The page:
The Giants standing down regarding a trade-up for a wide receiver leaves more questions about its wideout room compared to how it would have looked if Flowers or Addison became Big Apple-bound. The team still re-signed Darius Slayton and Sterling Shepard and added Parris Campbell and Jamison Crowder, to say nothing of the big-ticket Darren Waller addition at tight end. The Giants circled back to their receiver interest with third-rounder Jalin Hyatt, who also made a pre-draft visit.

Hyatt will bring deep speed to the equation and should be expected to play a key role early, though the Giants have amassed some pass-catching depth after last season’s plans went awry quickly.

Ravens Take WR Zay Flowers At No. 22

The Ravens signed Lamar Jackson to a record-setting deal earlier today, and now they’re handing him another offensive weapon. The Ravens are using the No. 22 pick on Boston College wideout Zay Flowers.

Baltimore was among several teams who were slated to pick toward the back of the first round and thus in range to add a wideout. They did extensive work on the Day 1 options, including Flowers. He put himself in the first-round conversation with a career-year in 2022.

Last season, Flowers posted a 78-1,077-12 statline. He led the team in receiving for the third consecutive year and was once again the focal point of their offense. He took advantage of his opportunities and established himself as one of many high-end slot receivers at the top of this year’s class.

The 5-9, 182-pounder is joined by several top WRs available in facing questions about his frame and ability to remain productive at the NFL level. Flowers showed a skillset including abilities at all three levels of the field, though, which should allow him to carve out at least a modest role early on in the Ravens’ new-look receiver room.

Baltimore has made a number of moves at the position this year. The team has added Odell Beckham Jr. and Nelson Agholor on one-year deals in free agency, giving them a pair of veterans to pair with an otherwise young group. The Ravens had been mentioned as a suitor for DeAndre Hopkins in a trade, but the selection of Flowers likely takes them out of that pursuit. The latter will give the team a long-term option at the position, however, allowing him to develop a rapport with Jackson for years to come.

WR Notes: Flowers, Vikings, Chiefs, Giants, Addison, Bucs, Johnston, Robinson, Moore

Zay Flowers does not appear likely to fall out of the first round, and his final pre-draft meetup looks to have gone well. The Chiefs organizing a Flowers-Patrick Mahomes workout in Texas has led to interest on the defending Super Bowl champions’ part, Albert Breer of notes. They are not alone. The Giants and Vikings are Flowers fans as well. Previous reports also indicated the Bears and Chargers are intrigued by the speedy Boston College product, despite his 5-foot-9 stature. Flowers would be an atypical first-round pick, with Marquise Brown (2019) and Tavon Austin (2013) the only receivers chosen in Round 1 at 5-9 or shorter in the 21st century. But Flowers made a number of pre-draft visits and, coming off his only 1,000-yard college season, will be one of the first receivers off the board.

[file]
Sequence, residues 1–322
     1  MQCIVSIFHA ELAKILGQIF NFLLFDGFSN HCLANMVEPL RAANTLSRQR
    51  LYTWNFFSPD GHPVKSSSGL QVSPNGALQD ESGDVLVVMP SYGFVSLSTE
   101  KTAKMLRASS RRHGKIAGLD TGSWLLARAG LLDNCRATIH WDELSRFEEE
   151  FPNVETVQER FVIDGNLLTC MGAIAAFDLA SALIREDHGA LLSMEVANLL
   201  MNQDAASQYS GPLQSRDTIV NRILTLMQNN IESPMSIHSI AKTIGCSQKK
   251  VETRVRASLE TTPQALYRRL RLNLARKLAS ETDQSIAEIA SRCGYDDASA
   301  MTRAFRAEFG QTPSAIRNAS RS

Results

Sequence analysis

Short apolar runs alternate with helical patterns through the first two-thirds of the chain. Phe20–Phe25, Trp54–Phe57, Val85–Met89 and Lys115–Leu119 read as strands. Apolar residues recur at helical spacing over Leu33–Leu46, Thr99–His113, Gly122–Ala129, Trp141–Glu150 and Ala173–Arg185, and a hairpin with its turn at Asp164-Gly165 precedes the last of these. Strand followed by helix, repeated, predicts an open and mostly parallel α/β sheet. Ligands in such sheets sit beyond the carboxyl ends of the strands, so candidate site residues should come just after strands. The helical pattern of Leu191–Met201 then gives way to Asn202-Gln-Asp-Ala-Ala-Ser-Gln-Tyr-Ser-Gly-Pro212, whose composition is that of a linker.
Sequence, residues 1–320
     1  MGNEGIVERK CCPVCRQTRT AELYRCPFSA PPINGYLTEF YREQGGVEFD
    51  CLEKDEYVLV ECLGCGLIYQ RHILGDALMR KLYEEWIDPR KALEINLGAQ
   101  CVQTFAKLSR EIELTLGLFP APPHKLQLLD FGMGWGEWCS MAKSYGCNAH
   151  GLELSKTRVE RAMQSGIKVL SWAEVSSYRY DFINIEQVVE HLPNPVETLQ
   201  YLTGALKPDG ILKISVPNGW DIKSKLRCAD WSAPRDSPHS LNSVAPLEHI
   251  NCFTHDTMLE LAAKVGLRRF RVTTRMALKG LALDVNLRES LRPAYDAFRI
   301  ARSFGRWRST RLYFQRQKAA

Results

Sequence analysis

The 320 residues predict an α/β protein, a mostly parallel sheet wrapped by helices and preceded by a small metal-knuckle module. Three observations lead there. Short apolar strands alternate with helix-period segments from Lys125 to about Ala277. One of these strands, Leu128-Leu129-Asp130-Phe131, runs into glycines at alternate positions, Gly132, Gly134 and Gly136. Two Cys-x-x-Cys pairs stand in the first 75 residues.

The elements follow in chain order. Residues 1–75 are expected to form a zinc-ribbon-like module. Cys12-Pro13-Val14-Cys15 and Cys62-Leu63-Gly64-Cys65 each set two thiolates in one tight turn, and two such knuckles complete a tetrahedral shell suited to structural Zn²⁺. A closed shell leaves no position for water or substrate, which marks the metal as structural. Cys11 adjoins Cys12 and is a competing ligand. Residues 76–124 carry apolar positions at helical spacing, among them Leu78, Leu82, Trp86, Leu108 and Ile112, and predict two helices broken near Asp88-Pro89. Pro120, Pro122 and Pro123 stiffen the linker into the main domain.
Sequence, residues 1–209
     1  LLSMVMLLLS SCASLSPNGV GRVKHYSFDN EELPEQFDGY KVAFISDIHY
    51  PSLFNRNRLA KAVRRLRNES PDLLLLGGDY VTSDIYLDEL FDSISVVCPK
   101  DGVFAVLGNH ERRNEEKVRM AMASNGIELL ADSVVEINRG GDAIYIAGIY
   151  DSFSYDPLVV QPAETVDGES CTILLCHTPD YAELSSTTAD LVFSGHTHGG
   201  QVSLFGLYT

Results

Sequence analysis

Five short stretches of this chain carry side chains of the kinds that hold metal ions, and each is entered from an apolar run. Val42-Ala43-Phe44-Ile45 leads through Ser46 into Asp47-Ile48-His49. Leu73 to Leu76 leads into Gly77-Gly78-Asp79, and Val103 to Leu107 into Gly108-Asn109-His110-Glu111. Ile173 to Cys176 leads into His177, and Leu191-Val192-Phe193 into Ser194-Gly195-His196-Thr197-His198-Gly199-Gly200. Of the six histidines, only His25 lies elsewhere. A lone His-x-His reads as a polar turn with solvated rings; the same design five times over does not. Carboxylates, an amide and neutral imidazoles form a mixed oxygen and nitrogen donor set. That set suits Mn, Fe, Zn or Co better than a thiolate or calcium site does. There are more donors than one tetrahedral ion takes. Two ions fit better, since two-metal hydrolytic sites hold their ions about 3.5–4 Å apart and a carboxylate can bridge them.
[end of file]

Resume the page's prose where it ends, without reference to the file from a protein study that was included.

The Vikings released Adam Thielen earlier this year and have K.J. Osborn going into a contract year. Considering Justin Jefferson‘s likely extension price, Minnesota paying multiple wideouts notable veteran sums might be difficult. The Giants have performed an extensive examination on the top wideouts available.

Here is the latest from the rookie and veteran receiver landscape:

  • Regarding the Giants‘ receiver studies, Ralph Vacchiano of Fox Sports indicates they are also believed to be considering USC’s Jordan Addison in Round 1 (Twitter link), indicating Addison might be ahead of Flowers on the team’s board. A Pitt transfer who finished his career with Heisman winner Caleb Williams, Addison spent time with the Giants during the pre-draft process. The team adding Parris Campbell and Jamison Crowder and re-signing Sterling Shepard and Darius Slayton — along with the 2022 second-round selection of Wan’Dale Robinson — certainly does not point to this Giants regime mandating big-bodied wideouts. While Flowers is 5-9, Addison is only 5-11. One of these two stepping in as a potential No. 1 target would round out an interesting receiver room.
  • Shifting to a taller target, the Buccaneers are believed to be interested in 6-3 TCU alum Quentin Johnston,’s Tony Pauline offers. The Bucs would make for an unexpected Johnston destination, as they have Mike Evans, Chris Godwin and 2022 free agency addition Russell Gage on the roster. Gage, however, underwhelmed in his Tampa Bay debut, while Evans is entering his age-30 season. The Chiefs are also interested in Johnston, with Pauline confirming previous reports Kansas City is both pro-Johnston and interested in trading up from No. 31.
  • Being moved to the Steelers, Allen Robinson will be prepared to work with yet another starting quarterback this year. But the well-traveled wideout will have a delayed start for on-field Steeler work. The team will hold its new receiver out of voluntary offseason workouts, per The Athletic’s Mark Kaboly (on Twitter). Robinson is recovering from late-season foot surgery. He missed the Rams’ final seven games last season due to injury.
  • Ryan Poles confirmed D.J. Moore was indeed mandatory in the Bears‘ March trade with the Panthers. “You go back and forth and have those conversations that go over a couple of weeks, and there are some non-negotiables that you say, ‘Well, I need to have this in the package.’ DJ was that for us,” Poles said during an interview with former NFLers Charles Tillman and Roman Harper on the NFL Players: Second Acts podcast (h/t Pro Football Network). “We wanted to add more playmakers to this roster. We wanted a player that can really help Justin [Fields] be successful. So that’s kind of [what] we stuck with and went hard on that, and it worked out.” The Bears also discussed Brian Burns and Derrick Brown with the Panthers but ended up prying away their No. 1 receiver in the deal for the top pick.

Draft Rumors: Commanders, Chargers, Giants, Bengals, Bears